The Opinionated Tailor:
Hello and welcome to “The Opinionated Tailor Talks Shop”.
Today I’d like to talk a little about gluttony. It’s the New Year, after all, and generally the time for resolutions and better intentions. I’ve been noticing all of the advertisements in the paper for gym memberships and Weight Watchers and weight loss by hynosis (boy, wouldn’t that be great if that worked!) and it’s got me thinking a lot about a topic that has been on my mind for years.
You might think this a bit of an odd topic for an ecclesiastical tailor whose focus tends to be primarily on beauty and our historical garment traditions, but I am in the dubious position of being particularly qualified to speak on this topic. Mostly through personal experience since I have been a life-long glutton, but also because this topic does touch lightly on my professional experience—my work requires that I fit people of all body types. One of the greatest surprises I experienced when I first began tailoring was that men seemed just as concerned with their weight and body issues as women. To say I was dumbfounded by the first priest who sheepishly told me he was really working on taking the weight off is an understatement. My husband had always been a string bean, high-metabolism type who really does prefer a nice steak to a bowl of ice cream, so I had no reference point. I naively thought only women were particularly susceptible to the sins of vanity and gluttony, but was quickly disabused of this notion after just one week at a national conference fitting clients. Men and women both had issues with food, which was really no surprise at all given our cultural attitudes toward food and gluttony here in America.
What got me thinking again on this topic and what the Church has to offer those of us who have a particular struggle with the passion of gluttony was Kevin Allen’s recent interview with Met. Jonah. I’ve been following Met. Jonah’s election and enthronement with much personal interest since I was at the All-American Council in Pittsburgh and experienced firsthand the excitement of his election. I’ve also been working on his enthronement vestments during most of the month of December—for those of you interested, my next podcast will be on bishops vestments, so please stay tuned—and have really enjoyed listening to his election speech and Kevin’s interviews through Ancient Faith Radio. But it was a small phrase during this interview that got me thinking of gluttony again. Met. Jonah was referring to the Orthodox Church as a native, local church and spoke of how so many of us in America are still experiencing the Church as “translated” Orthodoxy. He mentioned some of the terms like theosis and synergy and how they aren’t part of a regular man-on-the-street’s vocabulary—honestly, can you really envision your mailman speaking of the synergy of the US Postal Service?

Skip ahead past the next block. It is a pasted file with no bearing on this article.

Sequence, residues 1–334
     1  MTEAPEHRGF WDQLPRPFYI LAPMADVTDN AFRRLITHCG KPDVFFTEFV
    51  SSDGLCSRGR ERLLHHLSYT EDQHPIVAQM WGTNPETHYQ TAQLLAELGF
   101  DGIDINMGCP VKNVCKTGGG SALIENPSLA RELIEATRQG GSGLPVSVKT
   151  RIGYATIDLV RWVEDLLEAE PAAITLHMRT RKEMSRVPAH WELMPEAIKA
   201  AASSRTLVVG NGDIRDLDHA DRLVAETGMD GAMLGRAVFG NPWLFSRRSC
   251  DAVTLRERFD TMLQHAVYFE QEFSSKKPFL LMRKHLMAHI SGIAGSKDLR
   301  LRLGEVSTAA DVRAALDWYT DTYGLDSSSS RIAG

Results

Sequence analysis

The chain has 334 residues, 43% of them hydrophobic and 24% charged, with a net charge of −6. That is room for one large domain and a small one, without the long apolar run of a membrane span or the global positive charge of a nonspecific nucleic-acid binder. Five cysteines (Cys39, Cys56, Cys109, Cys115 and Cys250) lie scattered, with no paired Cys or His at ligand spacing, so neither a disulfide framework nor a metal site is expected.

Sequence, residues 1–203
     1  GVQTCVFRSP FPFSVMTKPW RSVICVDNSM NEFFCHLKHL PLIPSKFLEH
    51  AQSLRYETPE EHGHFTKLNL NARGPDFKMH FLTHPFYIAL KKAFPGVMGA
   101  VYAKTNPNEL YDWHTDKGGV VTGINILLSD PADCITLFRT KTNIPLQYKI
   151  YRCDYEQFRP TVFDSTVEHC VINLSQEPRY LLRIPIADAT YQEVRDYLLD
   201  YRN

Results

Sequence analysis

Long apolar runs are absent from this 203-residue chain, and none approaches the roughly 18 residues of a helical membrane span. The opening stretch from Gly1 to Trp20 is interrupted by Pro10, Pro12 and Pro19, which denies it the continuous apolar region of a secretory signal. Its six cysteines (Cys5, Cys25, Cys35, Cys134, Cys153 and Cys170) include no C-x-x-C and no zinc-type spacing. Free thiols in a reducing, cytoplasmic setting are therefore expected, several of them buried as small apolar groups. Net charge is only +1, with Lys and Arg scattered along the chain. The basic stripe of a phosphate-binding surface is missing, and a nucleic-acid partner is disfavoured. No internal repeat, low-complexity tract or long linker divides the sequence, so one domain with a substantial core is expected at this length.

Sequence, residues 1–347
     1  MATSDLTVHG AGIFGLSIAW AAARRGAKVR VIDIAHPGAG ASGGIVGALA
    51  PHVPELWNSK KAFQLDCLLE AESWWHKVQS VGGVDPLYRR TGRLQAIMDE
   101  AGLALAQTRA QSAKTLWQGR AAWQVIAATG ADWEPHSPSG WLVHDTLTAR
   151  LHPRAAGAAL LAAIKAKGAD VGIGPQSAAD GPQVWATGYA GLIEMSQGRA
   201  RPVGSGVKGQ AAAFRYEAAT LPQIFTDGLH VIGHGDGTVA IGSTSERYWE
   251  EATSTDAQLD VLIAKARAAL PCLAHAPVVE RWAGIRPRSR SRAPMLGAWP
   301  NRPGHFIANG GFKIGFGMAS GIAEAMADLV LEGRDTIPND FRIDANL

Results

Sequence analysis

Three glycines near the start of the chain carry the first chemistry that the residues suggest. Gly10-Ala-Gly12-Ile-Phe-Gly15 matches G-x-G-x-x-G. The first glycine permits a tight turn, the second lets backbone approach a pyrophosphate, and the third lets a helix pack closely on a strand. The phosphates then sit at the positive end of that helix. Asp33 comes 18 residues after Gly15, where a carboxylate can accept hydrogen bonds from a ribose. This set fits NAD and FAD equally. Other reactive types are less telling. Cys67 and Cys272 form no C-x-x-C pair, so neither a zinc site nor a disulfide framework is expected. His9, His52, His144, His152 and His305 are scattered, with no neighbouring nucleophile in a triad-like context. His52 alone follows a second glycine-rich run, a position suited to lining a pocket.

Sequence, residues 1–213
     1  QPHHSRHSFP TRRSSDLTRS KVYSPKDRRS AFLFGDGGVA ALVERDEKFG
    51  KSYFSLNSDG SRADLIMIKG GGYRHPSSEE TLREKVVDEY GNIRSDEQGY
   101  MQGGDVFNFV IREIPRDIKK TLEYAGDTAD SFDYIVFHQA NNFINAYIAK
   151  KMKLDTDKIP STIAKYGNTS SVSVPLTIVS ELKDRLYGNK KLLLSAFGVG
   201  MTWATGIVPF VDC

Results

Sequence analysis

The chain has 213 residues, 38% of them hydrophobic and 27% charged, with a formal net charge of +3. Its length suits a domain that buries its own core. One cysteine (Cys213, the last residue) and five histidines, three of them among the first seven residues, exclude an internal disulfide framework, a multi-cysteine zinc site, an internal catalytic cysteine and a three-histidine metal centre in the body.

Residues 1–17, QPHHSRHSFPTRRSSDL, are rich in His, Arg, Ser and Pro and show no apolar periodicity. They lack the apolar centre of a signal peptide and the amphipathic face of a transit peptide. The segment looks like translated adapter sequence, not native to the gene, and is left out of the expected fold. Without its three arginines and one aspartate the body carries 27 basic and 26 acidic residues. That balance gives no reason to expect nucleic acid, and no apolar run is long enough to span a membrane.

Now I realize that Met. Jonah was speaking of far larger, more theological terms, but I had a little light go off in my head when he said “translated Orthodoxy” that made me think of gluttony. After all, how many of us call ourselves gluttons? What do you think of when you hear the word “glutton”? I think of a great big, crass medieval lord type gnawing on a greasy chicken drumstick with a table laden with all sorts of rich foods and goblets of wine. I certainly don’t think of myself standing in the kitchen eating popcorn at eleven o’clock at night after I’ve had a bowl of ice cream. When I think of gluttony, I think of Charles Dickens’ England in which the rich sit around a table groaning with food that in our modern minds, is embarrassingly gluttonous while the poor have barely enough to survive. Gluttons and gluttony tend to be the stuff of historical images or Victorian novels—imbued with an almost ancient air, certainly not something for us to be concerned with today.
But, gluttony is one of the seven deadly sins as they used to be called and still are in my little red prayer book. For those of you needing a refresher, they are Pride, Greed, Lust, Anger, Gluttony, Envy, and Sloth. And, in my experience, Gluttony or “Sin No. 5” really is deadly.